Australia: Owner required to prevent defective vehicle being driven; no general obligation on driver to enquire as to roadworthiness

Curwoods Case Note
Last Updated: 25 August 2011
Article by Laurinda Wellings

Judgment date: 11 August 2011

Harmer v Hare [2011] NSWCA 229

New South Wales Court of Appeal1

In Brief

  • An owner of an unroadworthy vehicle fails to exercise reasonable care by allowing another person to drive the vehicle.
  • A driver has no duty to inspect another person's vehicle, before driving it, where it can be inferred from the vehicle owner's conduct that the vehicle is without defect.
  • Even where there is an intention to engage in illegal activity, no joint illegal enterprise can be established if an accident occurs during the journey, prior to the illegal activity commencing.


The plaintiff was injured in a single vehicle motor accident on 6 November 1999. The defendant was the owner of the vehicle, but was too intoxicated to drive, so the plaintiff offered to drive instead. As the plaintiff drove through a roundabout, he lost control of the vehicle and collided heavily with a telegraph control.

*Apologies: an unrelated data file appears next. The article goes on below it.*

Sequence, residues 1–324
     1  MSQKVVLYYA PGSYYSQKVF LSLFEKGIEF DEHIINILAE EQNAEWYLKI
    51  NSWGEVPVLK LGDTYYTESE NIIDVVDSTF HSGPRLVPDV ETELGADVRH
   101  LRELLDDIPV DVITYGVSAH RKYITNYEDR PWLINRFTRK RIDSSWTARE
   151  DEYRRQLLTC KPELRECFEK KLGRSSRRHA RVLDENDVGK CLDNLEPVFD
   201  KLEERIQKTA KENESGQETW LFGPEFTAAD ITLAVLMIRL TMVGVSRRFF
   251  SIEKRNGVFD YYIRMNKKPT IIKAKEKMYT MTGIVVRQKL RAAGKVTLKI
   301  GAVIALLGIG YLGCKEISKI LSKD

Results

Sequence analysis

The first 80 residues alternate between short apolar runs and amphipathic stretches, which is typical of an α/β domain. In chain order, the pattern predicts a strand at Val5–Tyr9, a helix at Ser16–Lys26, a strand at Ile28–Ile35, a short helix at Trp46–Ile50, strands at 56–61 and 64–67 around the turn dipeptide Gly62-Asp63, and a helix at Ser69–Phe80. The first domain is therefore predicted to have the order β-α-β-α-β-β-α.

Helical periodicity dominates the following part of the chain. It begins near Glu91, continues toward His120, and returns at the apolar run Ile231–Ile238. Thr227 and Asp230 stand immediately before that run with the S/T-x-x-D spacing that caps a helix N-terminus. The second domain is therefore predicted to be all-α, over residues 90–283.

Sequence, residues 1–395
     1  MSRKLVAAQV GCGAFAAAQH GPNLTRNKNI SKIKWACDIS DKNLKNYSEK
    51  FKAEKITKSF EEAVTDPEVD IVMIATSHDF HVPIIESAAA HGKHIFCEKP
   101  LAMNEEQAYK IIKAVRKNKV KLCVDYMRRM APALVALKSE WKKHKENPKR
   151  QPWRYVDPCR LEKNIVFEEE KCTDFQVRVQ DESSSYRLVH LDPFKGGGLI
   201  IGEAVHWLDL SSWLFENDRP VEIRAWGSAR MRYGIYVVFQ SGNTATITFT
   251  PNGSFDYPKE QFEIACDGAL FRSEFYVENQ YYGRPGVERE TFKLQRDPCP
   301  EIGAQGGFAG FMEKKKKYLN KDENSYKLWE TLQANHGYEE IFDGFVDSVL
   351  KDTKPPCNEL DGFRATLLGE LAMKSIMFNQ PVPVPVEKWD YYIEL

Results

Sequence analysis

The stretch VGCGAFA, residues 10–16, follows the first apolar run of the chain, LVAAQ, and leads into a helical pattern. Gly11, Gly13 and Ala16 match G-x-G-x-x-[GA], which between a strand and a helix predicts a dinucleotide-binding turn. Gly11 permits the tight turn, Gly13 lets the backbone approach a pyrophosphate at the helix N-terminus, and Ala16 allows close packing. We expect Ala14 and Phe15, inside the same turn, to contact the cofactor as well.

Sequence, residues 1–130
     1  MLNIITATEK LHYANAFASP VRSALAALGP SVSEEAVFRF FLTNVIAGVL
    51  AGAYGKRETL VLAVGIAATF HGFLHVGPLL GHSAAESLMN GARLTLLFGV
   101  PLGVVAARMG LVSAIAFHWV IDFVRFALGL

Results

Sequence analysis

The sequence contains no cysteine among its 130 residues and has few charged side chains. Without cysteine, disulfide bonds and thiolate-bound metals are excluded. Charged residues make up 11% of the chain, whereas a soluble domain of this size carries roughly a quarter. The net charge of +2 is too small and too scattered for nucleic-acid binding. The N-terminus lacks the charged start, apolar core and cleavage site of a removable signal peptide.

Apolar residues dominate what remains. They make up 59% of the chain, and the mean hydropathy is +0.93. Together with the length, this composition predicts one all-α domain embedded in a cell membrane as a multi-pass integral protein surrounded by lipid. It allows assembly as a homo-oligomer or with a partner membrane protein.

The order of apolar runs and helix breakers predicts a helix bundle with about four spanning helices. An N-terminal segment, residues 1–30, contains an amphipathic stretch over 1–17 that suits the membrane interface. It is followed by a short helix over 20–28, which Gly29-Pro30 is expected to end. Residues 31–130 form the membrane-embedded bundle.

The plaintiff's loss of control was alleged to have been caused by the tyres of the motor vehicle being completely smooth.

The plaintiff sustained severe traumatic brain injury. Judge Sidis determined damages at $1,735,250.59.

Liability Decision After First Trial

Following the first trial, her Honour Judge Sidis handed down a judgment on 14 March 2008. Judge Sidis found the plaintiff knew the tyres on the vehicle were bald and entered a verdict for the defendant. The Judge went on to consider contributory negligence which she assessed at 85% should her finding of no breach of duty be incorrect.

This decision was overturned on appeal. The Court of Appeal found that the trial judge had incorrectly recorded that the plaintiff had agreed in evidence that the tyres on the wheels were "not real good". The transcript, when obtained, recorded that the plaintiff, when asked what he remembered about the state of the tyres, had in fact stated: "not really, but I suppose good".